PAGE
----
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Conguero Alex Diaz marries the heady rhythms of meringue to the harmony and sway of jazz as he pays tribute to Mario Rivera, the "King of Merengue Jazz." Rivera was an exceptional musician who played 24 instruments. Born in the Dominican Republic, he moved to the United States, and soon began playing with Tito Puente, Dizzy Gillespie and Sonny Stitt, among others. He also led his own bands, including The Mario Rivera Sextet and the Salsa Refugees. Rivera succumbed to bone cancer in 2007.
Diaz, who was also born in the Dominican Republic, came under the spell of jazz when he heard Gillespie and Chano Pozo playing "Tin Tin Deo" on the radio. He moved to New York and into groups led by Gillespie, Hilton Ruiz and Babatunde Olatunji.
Merengue Jazz King was recorded at three different times that had one common factor: all took place on February 27, the Dominican Republic's Independence Day. Given the project's lengthy history, it is not surprising that the band's line-up changes. At the end of it all, there six conglomerations make up this lively and entertaining program of five Latin and five jazz standards.
Considering that Diaz calls Gillespie a friend and mentor, it would probably have been remiss to omit a Gillespie composition. "A Night in Tunisia " has an underlying rhythmic jump, as Latin percussion sets up a bouncing line. The melody is enunciated on tenor saxophone by Ivan Rentas, whose ideas are well-fermented as he keeps the trajectory flowing, without ever indulging in pyrotechnics. Eddy Martinez ups the pulse a tad as he fleshes out the melody and with a fine turn on the bass by Alex Fernandez adding to the lore, this is a convincing accolade to the song.
"Mañana del Carnaval" is stunning, as it undulates gracefully. The swaying melody is punctuated by the horns, with baritone saxophonist Mitch Frommer and trumpeter James Zoller finding time for an intense conversation. But it is Mario Rivera who adds fire a wellspring of zest and hearty textures on a marvelous performance that underlines his artistry on soprano saxophone.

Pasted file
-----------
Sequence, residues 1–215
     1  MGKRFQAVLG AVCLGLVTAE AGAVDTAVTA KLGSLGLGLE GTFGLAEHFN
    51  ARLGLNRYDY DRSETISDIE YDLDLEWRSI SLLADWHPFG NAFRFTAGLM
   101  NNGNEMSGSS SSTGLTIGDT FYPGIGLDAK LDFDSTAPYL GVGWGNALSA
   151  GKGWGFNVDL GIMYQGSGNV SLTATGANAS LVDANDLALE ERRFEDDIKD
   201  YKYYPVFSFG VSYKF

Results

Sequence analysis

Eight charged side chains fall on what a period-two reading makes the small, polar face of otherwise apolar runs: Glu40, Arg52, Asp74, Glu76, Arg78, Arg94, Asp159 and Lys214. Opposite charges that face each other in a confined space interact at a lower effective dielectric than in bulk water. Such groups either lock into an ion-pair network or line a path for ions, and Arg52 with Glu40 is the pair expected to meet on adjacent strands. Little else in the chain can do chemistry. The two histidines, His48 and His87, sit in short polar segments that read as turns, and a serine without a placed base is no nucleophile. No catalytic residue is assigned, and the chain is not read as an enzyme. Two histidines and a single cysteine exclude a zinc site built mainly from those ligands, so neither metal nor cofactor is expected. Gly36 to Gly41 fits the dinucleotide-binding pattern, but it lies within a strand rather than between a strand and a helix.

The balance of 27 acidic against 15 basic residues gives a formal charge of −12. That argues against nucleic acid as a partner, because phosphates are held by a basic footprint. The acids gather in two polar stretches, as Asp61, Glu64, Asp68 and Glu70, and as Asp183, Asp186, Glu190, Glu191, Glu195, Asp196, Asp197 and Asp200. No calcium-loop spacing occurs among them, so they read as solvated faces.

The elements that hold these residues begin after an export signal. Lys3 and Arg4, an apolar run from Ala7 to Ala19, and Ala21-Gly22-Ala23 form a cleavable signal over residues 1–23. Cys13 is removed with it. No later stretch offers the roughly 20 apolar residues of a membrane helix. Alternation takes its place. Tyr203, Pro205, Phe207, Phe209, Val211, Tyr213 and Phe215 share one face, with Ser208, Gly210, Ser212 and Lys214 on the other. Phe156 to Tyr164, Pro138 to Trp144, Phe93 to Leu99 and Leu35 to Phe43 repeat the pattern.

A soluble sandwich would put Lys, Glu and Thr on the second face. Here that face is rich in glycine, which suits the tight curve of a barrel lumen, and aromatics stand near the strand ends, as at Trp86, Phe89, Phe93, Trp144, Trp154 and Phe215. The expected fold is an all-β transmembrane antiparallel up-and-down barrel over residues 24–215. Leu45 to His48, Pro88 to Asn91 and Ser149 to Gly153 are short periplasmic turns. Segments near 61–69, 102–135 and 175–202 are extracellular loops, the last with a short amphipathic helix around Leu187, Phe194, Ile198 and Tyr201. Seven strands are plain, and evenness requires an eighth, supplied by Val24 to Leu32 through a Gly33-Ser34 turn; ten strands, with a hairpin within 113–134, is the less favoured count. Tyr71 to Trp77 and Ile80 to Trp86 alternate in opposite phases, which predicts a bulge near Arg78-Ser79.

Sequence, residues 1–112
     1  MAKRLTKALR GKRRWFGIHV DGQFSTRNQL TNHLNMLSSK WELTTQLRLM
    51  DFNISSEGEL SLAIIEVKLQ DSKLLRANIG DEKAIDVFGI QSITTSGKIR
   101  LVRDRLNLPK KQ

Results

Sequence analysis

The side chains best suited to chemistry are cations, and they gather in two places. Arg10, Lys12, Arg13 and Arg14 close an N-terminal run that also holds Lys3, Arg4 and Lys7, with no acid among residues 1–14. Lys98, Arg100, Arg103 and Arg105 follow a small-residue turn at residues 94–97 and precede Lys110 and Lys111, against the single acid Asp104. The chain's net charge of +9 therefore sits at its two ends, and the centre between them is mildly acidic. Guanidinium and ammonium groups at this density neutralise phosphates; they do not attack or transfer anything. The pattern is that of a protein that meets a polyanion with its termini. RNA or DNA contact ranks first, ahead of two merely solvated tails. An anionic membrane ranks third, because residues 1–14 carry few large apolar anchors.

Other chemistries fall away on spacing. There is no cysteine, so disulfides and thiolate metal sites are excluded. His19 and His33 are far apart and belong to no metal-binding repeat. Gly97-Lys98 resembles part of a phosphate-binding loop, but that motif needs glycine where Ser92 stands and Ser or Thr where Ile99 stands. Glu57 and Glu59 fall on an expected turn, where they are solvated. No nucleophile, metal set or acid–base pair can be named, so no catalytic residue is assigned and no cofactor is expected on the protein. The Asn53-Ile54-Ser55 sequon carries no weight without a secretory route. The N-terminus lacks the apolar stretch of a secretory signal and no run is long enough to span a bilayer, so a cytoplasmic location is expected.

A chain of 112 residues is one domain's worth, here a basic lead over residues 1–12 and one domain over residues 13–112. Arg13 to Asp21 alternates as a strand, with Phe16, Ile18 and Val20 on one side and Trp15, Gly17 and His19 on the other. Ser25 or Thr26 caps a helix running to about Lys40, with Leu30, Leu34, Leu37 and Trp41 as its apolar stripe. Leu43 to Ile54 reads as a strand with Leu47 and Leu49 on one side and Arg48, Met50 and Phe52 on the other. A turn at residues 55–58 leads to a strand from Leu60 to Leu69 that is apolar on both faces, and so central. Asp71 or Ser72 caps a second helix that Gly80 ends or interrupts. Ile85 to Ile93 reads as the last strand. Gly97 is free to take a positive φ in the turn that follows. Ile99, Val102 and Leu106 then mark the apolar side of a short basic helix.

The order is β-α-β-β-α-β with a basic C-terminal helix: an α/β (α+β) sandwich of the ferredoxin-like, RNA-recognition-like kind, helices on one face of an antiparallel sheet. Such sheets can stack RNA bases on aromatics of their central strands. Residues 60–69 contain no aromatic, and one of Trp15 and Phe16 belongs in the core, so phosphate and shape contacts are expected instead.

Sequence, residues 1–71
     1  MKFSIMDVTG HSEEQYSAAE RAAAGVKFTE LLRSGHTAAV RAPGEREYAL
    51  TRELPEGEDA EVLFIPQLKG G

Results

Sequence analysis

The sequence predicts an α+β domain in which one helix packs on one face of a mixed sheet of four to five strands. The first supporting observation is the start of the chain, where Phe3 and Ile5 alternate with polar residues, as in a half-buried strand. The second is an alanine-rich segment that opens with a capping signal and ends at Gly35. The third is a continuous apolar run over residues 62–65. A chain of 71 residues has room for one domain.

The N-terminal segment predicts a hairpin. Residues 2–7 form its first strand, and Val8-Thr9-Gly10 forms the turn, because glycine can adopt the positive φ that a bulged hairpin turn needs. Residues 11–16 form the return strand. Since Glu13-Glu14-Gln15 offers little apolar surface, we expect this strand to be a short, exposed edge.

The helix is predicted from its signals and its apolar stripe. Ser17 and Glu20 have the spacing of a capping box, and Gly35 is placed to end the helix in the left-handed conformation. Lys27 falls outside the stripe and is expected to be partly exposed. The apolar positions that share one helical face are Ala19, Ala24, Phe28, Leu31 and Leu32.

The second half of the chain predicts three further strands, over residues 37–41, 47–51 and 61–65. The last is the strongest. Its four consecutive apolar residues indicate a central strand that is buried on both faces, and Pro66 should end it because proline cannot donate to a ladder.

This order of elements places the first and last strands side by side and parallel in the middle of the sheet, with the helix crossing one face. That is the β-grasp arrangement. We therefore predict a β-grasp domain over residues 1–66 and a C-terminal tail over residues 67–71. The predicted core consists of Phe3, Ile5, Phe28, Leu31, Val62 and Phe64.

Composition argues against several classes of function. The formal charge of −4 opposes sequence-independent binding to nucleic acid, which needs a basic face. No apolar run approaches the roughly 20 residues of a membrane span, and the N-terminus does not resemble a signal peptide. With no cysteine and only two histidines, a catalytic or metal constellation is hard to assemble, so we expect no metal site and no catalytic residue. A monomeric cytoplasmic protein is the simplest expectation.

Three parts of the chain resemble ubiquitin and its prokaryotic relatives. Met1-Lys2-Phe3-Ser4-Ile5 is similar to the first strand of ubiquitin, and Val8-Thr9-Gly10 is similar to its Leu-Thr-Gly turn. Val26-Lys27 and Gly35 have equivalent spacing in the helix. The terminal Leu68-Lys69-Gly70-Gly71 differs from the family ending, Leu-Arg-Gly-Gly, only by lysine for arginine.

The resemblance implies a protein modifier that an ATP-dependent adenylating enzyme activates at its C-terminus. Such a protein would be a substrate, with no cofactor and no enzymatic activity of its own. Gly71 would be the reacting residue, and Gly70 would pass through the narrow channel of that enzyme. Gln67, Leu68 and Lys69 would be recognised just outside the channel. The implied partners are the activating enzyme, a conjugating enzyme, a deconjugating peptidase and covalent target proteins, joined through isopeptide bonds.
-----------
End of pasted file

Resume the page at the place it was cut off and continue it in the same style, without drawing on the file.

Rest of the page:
The beat of "Los Caminos" is an invitation to get up and dance. As the groove beckons, Elsa Osuna adds an expressive vocal, her voice a beacon of passion and, as the tempo switches, an uplifting and joyous magnet.
Diaz opens the window to his music by interspersing the three sessions. The approach is different, as each group creates its own patterns. In the end, the tapestry is rich and convincing in the artful melding of meringue and jazz.
Track Listing: Cana Brava; Cherokee; A Night in Tunisia; Manana del Carnaval; El Banilejo Jazz; In Your Own Sweet Way; Los Caminos; Take Five; Papa Boco; El Boss.
Personnel: Alex Diaz: conga; Luis Khan: violin, trombone; Julian Oro Duro: vocals, guida (1); Sonny Bravo: piano; Bobby Rodriguez: Fender bass; James Zoller: trumpet; Tito Vazquez: tambura; Mitch Frommer: baritone sax; Mario Rivera: tenor and soprano sax; Phenix Rivera: drums; Ivan Rentas: tenor sax; Eddy Martinez: piano; Alex Hernandez: bass; Ray Diaz: tambura; Pedro Bermudez: piano; Elsa Osuna: vocals; Papo Vazquez: trombone; Steve Berrios: drums; Ramon Azul: tambura; Arturo Sandoval: trumpet.
I love jazz because anything is possible; it has few rules and the best jazz breaks those ones. I prefer free improv because it doesn't really have any rules at all.
I was first exposed to jazz in my teens (in the late sixties).
The first jazz record I bought was Filles de Kilimanjaro by Miles Davis, shortly followed by Extrapolation by John McLaughlin.
My advice to new listeners is to listen as widely as possible and not to make snap judgments--stick with it.